November 2009 Projects 

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PRESENTERS
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Linzie Rogers spoke to club members and showed slides about his trip to Ghana, Africa.  In the photo on the right Linzie is no Pygmy which gives you an idea about just how large that log is.  Notice that the power poles in the background are of teak - makes a fella wanna cry, doesn't it?  Locals use teak for firewood and charcoal - more reason to weep. Linzie visited a woodworking village where the wood is plentiful and everybody shares the industrial equipment that is old and antiquated but still sturdy and reliable.  Exotic wood, as we label it, goes for well under a buck per board foot. The sawdust that is generated goes to chicken farms for bedding and fertilizer.

Wawa is common there as is pine here.

A door made at the wood village costs anywhere from $25.00 to $75.00 depending upon the hardwood.  Here, $300.00 to $1000.00 depending upon wood and workmanship.

Stalls at the wood village are provided by the Ghana government free of charge but stall operators must abide by the rules or out they go.

Each table saw has a three man crew. One man pushes the board while another pulls from the other end. The third man sprays water on the carbon steel blade to keep it cool.  Carbide blade use is rare.

Linzie observed that operators did not use push sticks - a frightening thought but that is normal for them since the boards are so large.

Wood sold for export is sold by the cubic meter.

See more of Linzie Rogers' trip to Ghana

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BOX CONTEST

Follow this link for  winners and their boxes.

 

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SHOW and TELL PROJECTS

         Matt Adams demonstrates how to react to a taste test using one of his carved spoons.  These spoons of pecan, maple, walnut and cherry is a birthday gift for his wife. 

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          Clark Kellogg showed club members his stationery box of narra wood.  The inside was finished in shellac and the outside in oil.

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Mike Turner shows off a prototype of a design he used to inspire his high school students to create.  The stool had to weigh under six pounds and support 200 pounds.  Pine and coffee cans make up this stool.             L1010130.JPG (156069 bytes) L1010139.JPG (151142 bytes)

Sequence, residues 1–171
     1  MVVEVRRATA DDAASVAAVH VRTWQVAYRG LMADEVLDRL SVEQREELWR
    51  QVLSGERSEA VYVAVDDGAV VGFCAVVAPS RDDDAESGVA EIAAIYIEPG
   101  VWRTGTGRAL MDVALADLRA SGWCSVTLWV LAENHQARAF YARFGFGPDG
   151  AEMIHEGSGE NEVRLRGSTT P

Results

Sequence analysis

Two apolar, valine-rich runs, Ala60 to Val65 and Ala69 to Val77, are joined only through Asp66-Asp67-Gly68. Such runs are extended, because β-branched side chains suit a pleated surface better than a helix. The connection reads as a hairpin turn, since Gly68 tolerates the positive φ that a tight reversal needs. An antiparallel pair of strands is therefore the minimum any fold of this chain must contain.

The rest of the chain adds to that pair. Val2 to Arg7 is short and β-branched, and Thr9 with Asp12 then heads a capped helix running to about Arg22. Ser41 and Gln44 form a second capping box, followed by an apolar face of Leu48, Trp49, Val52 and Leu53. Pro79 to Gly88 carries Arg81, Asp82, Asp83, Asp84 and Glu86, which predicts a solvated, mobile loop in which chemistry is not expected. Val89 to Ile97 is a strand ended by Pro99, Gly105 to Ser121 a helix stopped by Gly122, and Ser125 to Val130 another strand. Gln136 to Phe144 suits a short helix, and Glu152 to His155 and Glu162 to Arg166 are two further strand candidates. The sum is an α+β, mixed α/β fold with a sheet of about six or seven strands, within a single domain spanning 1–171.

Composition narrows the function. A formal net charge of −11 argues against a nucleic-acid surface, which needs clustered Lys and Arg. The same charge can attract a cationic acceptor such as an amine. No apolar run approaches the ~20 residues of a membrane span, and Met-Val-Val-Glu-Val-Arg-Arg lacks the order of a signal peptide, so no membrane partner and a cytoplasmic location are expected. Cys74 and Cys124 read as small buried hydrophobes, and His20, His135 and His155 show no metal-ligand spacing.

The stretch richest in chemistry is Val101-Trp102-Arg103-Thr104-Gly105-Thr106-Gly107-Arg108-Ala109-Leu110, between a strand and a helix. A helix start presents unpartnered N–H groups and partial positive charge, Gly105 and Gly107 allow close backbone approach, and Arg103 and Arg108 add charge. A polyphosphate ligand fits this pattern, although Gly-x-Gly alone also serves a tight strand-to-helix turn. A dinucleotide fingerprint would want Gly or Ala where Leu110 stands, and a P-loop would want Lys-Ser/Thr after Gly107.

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     L1010119.JPG (212186 bytes)     L1010140.JPG (78233 bytes)     John Murray holds high a small cutting board and then spins a story about the wood gathered for making those two tables.  A chain saw was used to start the project, however,  it was completed with few tools. The woods; oak birch, maple and Norway pine. Now did he travel to Norway to get the pine?
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          Always doing a good turn, Lon Kelley explains how he turned these three bowls out of wet magnolia.  Water goes everywhere during the turning but a few weeks in his attic dries the wood. Amazingly, no splits or checks. Perhaps the wood was "spin" dried? L1010146.JPG (102555 bytes)  L1010107.JPG (187781 bytes)
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L1010106.JPG (167638 bytes)   L1010147.JPG (120500 bytes)               Could this be Rocky Raccoon?  Another fine intarsia by Steve Wavro.  Woods used; walnut, western red cedar and aspen
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John Gay revealed what was carefully packed in his treasure chest.  A Chinese rice bowl or perhaps even an urn.  It is made of pieces of Corian glued together with Super Glue then turned.  Making things like this could "earn" John a good living.L1010150.JPG (153014 bytes)L1010151.JPG (71508 bytes) John Gay demonstrated how his wood lock works and how it secures the treasure chest that he crafted.  L1010108.JPG (163179 bytes) L1010109.JPG (125188 bytes)
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L1010152.JPG (121001 bytes)  Frank Desk 4.JPG (302690 bytes) Frank Desk 5.JPG (396107 bytes) Frank Desk 7.JPG (267140 bytes) Demonstrating his Michael Flatley pose, Denis Muras points to a slide show of features in his built-in desk of oak.  
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Jeremy Grubbs shows how to sit on his shaving horse of purple heart and mahogany.  I suppose all he needs now is a sink, mirror and running water.  L1010153.JPG (130902 bytes) L1010154.JPG (157583 bytes)
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